When someone reports us to the authorities, they essentially take a position of authority. They aren’t the police, but they are policing our behaviour. Widespread dobbing can also make us feel like we are continually being watched. So it’s perhaps no surprise many of us find dobbing for low-level breaches somewhat affronting.

However, these reasons shouldn’t stop us reporting if there is a real risk of harm.

In a pandemic, rule breaking can have grave or even deadly consequences, especially for vulnerable populations.

On this basis, repeated and flagrant violations are especially worth reporting. Such violations are also unfair; it is frustrating to see a person refuse to be bound by the rules the rest of us must accept.

For example, if a neighbour who is self-quarantining because they have tested positive to Covid seems to be having friends over, the authorities should be contacted. The risk of harm to others is very high.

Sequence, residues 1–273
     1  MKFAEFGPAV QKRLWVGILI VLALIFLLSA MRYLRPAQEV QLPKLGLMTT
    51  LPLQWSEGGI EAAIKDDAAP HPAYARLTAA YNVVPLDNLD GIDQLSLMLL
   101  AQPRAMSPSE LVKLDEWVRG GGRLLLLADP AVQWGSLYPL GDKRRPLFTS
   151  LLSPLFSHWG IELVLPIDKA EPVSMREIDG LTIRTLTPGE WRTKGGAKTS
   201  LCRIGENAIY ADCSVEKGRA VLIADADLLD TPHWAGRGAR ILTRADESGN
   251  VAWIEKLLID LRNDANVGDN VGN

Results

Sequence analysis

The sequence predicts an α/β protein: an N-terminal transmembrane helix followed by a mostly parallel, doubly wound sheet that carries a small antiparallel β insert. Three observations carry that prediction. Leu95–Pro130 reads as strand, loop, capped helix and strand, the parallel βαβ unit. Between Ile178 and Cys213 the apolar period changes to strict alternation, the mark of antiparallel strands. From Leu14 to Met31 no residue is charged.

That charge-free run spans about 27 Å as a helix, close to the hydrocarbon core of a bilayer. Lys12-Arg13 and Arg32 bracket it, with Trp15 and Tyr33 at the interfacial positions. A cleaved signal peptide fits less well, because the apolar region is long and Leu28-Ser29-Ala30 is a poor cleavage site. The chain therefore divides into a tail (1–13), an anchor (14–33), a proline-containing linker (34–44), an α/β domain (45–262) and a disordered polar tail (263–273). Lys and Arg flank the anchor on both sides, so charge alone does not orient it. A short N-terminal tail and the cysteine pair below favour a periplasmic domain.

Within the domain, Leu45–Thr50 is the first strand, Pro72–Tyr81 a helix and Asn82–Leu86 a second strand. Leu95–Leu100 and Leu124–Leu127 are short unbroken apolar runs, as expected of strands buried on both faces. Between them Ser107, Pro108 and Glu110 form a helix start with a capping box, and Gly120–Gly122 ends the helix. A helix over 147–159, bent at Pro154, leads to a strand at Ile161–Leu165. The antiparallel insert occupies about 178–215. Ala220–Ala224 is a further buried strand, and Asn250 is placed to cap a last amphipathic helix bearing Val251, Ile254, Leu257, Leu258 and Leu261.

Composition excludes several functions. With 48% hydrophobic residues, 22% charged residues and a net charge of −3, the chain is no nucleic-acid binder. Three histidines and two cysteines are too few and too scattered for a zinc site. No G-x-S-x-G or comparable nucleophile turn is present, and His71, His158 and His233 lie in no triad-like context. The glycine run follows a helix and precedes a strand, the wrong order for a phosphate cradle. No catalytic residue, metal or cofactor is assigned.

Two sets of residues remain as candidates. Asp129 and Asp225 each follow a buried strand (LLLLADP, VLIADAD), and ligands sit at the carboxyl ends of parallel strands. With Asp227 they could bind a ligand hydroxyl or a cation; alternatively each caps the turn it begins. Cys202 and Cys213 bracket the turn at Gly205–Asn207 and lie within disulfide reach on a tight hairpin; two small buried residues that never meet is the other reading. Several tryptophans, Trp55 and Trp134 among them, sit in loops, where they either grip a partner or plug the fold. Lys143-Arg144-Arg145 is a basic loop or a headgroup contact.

3. What's my relationship to the person I am dobbing on?

If you have an important relationship with the rule-breaker, that could be a reason to be cautious about reporting. For example, you might think carefully about poisoning an otherwise good relationship with a neighbour over a one-off or minor infraction.

But it’s also worth reflecting on whether you have a bad relationship with the person, or dislike them. If you’re dobbing on someone primarily because you don’t like them, or want them to get in trouble, you should examine your motivations closely.

This factor may play a role in public reporting on politicians’ mask wearing.